A CONGESTION charge could be introduced in Oxford alongside the proposed Zero Emission Zone (ZEZ) after a Government-backed cycling report called for more action to reduce traffic in the city.

A National Infrastructure Commission report found implementing a congestion charge would be much cheaper than initially thought and could work with six entry points into the city centre or with 20 entry points if expanded city-wide.

Oxfordshire County Council, the highways authority, confirmed it could work alongside the ZEZ, which will be phased in from 2020, and research into its implementation was under way.

A congestion charge had been ruled out on cost but last year was brought it back into consideration alongside a possible workplace parking levy for businesses.

In his report, which recommended £150m be spend on cycling in Oxford, Andrew Gilligan the former cycling commissioner for London, said a ZEZ would reduce air pollution but it would not reduce congestion in the long term.

He said: "The council is also examining a congestion charge, which it previously dismissed on the grounds that London's cost too much to operate.

"However, costs in Oxford would be lower because the technology is cheaper now and the number of entry points is less - about six for a central scheme, 20 for a whole city scheme versus 197 in London.

"Any charge in Oxford need not copy London's relatively blunt version but could allow different, or no, charges at different times of day, in different places or for different kinds of vehicle."

He added once zero emission vehicle become widespread, the issue of congestion would return and called for more 'meaningful' traffic reduction measures.

County council spokesman Paul Smith said: "The county and city councils have already committed to developing zero emission zones, starting with the inner city by 2020.

"A workplace parking levy and congestion charging are options that are also being considered as part of a long-term approach to reducing congestion and to further improve pedestrian, cycle and bus access, and ultimately air quality in Oxford."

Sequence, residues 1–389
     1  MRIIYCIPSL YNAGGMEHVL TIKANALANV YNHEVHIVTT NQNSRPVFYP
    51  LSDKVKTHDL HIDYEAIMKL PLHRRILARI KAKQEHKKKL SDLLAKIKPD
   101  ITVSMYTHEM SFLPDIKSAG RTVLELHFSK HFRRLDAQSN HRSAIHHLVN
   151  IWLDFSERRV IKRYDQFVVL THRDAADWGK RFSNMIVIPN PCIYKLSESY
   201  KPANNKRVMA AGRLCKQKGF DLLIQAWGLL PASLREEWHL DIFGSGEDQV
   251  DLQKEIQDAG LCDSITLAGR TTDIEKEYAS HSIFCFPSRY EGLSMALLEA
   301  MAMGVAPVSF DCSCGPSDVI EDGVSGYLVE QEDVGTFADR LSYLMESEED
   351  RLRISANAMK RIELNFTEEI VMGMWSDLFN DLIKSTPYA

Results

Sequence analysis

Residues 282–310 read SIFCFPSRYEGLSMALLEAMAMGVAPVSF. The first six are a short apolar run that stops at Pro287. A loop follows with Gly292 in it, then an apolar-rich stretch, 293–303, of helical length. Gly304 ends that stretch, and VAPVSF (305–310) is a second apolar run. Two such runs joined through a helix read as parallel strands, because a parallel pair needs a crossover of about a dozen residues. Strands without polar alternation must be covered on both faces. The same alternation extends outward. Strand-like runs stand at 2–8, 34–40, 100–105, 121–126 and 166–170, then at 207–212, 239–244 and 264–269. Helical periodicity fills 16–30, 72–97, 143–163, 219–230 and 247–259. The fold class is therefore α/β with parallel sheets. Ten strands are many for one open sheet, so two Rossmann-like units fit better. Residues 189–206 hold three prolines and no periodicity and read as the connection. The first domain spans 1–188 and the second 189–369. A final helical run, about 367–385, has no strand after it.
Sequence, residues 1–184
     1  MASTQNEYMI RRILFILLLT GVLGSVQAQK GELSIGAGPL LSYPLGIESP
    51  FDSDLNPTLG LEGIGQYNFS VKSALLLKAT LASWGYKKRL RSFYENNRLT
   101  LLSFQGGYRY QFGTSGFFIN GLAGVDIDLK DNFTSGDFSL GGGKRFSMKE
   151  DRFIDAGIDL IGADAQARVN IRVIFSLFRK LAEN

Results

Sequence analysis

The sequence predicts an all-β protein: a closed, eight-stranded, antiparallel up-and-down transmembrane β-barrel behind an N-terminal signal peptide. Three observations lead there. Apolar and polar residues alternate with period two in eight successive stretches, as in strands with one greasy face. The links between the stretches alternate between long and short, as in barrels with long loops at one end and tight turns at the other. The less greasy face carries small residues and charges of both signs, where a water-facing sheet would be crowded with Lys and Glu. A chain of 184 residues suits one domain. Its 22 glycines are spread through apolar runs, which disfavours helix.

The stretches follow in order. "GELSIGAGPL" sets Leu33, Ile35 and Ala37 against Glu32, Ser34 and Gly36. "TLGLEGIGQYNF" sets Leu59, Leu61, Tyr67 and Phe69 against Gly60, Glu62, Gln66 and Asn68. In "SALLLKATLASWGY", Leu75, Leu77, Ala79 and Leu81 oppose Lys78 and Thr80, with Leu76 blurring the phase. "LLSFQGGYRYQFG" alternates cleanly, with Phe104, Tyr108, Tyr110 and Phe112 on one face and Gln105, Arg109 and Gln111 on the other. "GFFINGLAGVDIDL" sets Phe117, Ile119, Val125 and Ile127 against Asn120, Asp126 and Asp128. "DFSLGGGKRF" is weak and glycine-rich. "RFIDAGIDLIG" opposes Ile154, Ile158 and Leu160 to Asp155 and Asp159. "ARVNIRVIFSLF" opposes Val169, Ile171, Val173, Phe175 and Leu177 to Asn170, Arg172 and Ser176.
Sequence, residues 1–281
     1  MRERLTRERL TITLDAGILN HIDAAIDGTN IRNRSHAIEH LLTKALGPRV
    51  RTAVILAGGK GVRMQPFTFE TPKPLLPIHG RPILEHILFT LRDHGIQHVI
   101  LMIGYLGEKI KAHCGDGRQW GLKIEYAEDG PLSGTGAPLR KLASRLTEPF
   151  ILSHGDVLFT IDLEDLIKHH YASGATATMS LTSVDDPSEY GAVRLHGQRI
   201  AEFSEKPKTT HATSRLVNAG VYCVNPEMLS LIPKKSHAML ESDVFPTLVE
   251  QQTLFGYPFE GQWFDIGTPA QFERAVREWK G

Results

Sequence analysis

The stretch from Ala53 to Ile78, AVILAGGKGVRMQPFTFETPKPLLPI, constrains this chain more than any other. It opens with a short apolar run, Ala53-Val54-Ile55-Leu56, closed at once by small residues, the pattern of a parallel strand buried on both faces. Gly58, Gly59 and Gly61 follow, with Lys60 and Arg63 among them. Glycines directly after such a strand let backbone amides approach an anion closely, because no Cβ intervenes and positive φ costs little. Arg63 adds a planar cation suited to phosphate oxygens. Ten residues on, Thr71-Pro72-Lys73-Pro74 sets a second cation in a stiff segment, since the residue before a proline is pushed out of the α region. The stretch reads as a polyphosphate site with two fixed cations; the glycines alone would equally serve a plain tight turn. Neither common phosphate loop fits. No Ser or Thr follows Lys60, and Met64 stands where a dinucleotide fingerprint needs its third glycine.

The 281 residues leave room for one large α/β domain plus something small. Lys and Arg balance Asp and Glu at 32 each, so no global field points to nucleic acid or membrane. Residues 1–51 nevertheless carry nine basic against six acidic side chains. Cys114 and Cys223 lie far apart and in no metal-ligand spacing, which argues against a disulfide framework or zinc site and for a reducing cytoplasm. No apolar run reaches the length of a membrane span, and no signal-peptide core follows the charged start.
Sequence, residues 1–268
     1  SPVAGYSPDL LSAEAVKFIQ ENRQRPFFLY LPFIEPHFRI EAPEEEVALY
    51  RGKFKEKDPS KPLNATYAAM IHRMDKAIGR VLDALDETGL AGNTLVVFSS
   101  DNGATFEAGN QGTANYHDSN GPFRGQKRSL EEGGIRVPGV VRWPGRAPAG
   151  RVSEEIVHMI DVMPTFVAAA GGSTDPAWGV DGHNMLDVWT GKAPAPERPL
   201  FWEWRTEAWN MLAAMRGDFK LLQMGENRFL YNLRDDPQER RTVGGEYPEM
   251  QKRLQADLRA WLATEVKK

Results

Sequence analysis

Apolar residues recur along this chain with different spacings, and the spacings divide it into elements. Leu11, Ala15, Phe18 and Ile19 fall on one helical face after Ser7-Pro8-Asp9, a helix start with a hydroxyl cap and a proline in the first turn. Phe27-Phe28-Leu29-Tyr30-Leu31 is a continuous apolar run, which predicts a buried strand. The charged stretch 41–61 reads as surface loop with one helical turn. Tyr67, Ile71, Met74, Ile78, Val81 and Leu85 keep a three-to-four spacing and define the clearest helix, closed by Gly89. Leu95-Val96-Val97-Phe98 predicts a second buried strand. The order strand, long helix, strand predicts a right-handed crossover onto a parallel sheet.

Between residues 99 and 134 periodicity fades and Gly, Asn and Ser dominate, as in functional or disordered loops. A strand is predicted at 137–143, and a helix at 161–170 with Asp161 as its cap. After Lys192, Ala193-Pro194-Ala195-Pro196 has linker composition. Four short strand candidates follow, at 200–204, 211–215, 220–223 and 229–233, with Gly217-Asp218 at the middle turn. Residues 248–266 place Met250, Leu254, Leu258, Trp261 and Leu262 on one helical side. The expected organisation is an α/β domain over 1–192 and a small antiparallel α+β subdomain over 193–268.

He added: "The projected growth in jobs in the city and continuing pressure on housing availability means that the number of commuter journeys into and around Oxford is likely to increase significantly over the next 10-15 years.

"Bold measures will be needed to create sustainable transport in the city for the future."

A workplace parking levy, which would charge businesses with more than ten parking spaces, has also been mooted.

Its introduction in Nottingham has generated £9m a year and helped fund its tram service and train station redevelopment.

But Mr Gilligan's report found business representatives in Oxford preferred a congestion charge and that Oxford University did not think a levy would change the driving habits of its employees.

The NIC report also proposed £150m be spent on five new high-quality protected cycle routes – a total of 17 miles.

The segregated routes include Botley Road, Banbury Road,the Eastern Arc, Iffley Road and East Oxford, and the Marston cyclepath. Some would extend outside the city boundary to Eynsham, Kidlington and Wheatley

It found that 25 per cent of all commuter journeys in Oxford were made by bicycle but that cycling 'wasn't taken seriously enough' by local authorities.

Cycling campaigners backed the report and Cyclox chairman Simon Hunt said it "hit the nail on the head".

He said: "The recommendations need to permeate into the marrow bones of all highway and planning authority staff and their political masters.

"If they did then there would be benefits throughout the county beyond Oxford itself.

"It would reshape for the better the lives of everyone in Oxford who lives, works or visits here."